As we steamed north along Wrangell Narrows in the early morning sunshine, we passed Petersburg and moved into the expanse of Frederick Sound. From the deck of National Geographic Sea Lion, we observed the first of hundreds of orca and humpback whale blows that we would spot over the course of the next 3.5 hours. With this rare opportunity to observe and photograph whale behavior in this spectacular location, we revised our plan to head to Cascade Creek for a morning hike and kayaking. Our hospitality team adapted by postponing breakfast for a little while. When most of us ventured into the dining room, the orcas obliged by swimming beside National Geographic Sea Lion, where we could view them easily. As the morning progressed, naturalists Eric Guth and Kelly Morgan set up the hydrophone, which was amplified by the ship’s microphone. We listened to the orcas communicating over the loudspeakers. Eric and Kelly also provided commentary to explain the types of pods: resident, transient, and offshore. They also explained how pod members are identified using marks and saddle patches on their dorsal fins.
The whale spotting ended, and National Geographic Sea Lion continued its journey north to Thomas Bay. Kelly gave a presentation on whales in the lounge, highlighting what we had just witnessed and giving us more context.
When National Geographic Sea Lion reached Cascade Creek in the early afternoon, we deployed two Zodiacs. The first Zodiac took three members of our crew to explore Thomas Bay. The second Zodiac transported the rest of our crew to the base of the trail at Cascade Creek, which leads to a series of spectacular waterfalls. The first hiking group set out with wellness specialist Lola McQueen and naturalist Tim Martin for an aerobic hike. They ascended the trail that runs alongside fast-moving waters flowing down the slopes from the snow-covered peaks above. Naturalists Eric Guth and Kelly Morgan led the second hiking group along the trail at a slower pace, providing insights into the flora and fauna of a classic Southeastern Alaska forest. Eric and Kelly identified devil’s club, skunk cabbage, sphagnum moss, shelf fungus, bird’s nest fungus, Sitka alder, Sitka spruce, and lichen, to name just a few.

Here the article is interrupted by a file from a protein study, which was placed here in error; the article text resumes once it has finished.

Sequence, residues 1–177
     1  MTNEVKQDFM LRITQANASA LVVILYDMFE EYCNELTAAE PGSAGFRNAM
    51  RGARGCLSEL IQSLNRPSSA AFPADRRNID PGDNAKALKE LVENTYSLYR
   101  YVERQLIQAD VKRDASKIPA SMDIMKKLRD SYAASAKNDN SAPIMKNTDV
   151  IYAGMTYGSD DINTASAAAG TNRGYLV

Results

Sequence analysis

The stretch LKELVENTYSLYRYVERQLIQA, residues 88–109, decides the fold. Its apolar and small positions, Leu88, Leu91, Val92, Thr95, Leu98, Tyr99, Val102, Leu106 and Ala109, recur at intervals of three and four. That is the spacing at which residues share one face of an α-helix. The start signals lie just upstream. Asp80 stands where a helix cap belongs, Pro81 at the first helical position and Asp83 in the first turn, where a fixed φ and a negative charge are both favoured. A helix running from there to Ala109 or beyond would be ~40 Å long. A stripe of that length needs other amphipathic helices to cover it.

When the lead hiking group reached the beach at the end of the hike, they boarded kayaks to enjoy the warm afternoon sun in the cove. They explored along the banks and kept their eyes peeled for more wildlife.
National Geographic Sea Lion sailed north during cocktail hour as a pod of humpback whales appeared off the bow, putting on a fantastic display that we enjoyed in the fading daylight.
Photographers: Eric Guth, Naturalist, and Luke O’Neill, Assistant Expedition Leader